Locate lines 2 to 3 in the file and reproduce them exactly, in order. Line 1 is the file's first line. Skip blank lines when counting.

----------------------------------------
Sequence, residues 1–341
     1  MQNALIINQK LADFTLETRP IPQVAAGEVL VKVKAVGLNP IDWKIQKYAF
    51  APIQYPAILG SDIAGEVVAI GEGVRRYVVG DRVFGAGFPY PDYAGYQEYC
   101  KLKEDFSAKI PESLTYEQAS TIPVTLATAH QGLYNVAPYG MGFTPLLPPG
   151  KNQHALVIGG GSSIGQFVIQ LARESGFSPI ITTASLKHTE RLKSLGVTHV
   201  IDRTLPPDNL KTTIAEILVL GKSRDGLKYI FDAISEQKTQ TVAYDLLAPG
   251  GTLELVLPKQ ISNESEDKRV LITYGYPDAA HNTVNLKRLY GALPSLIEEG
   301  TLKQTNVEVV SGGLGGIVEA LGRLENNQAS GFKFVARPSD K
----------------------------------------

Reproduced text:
     1  MQNALIINQK LADFTLETRP IPQVAAGEVL VKVKAVGLNP IDWKIQKYAF
    51  APIQYPAILG SDIAGEVVAI GEGVRRYVVG DRVFGAGFPY PDYAGYQEYC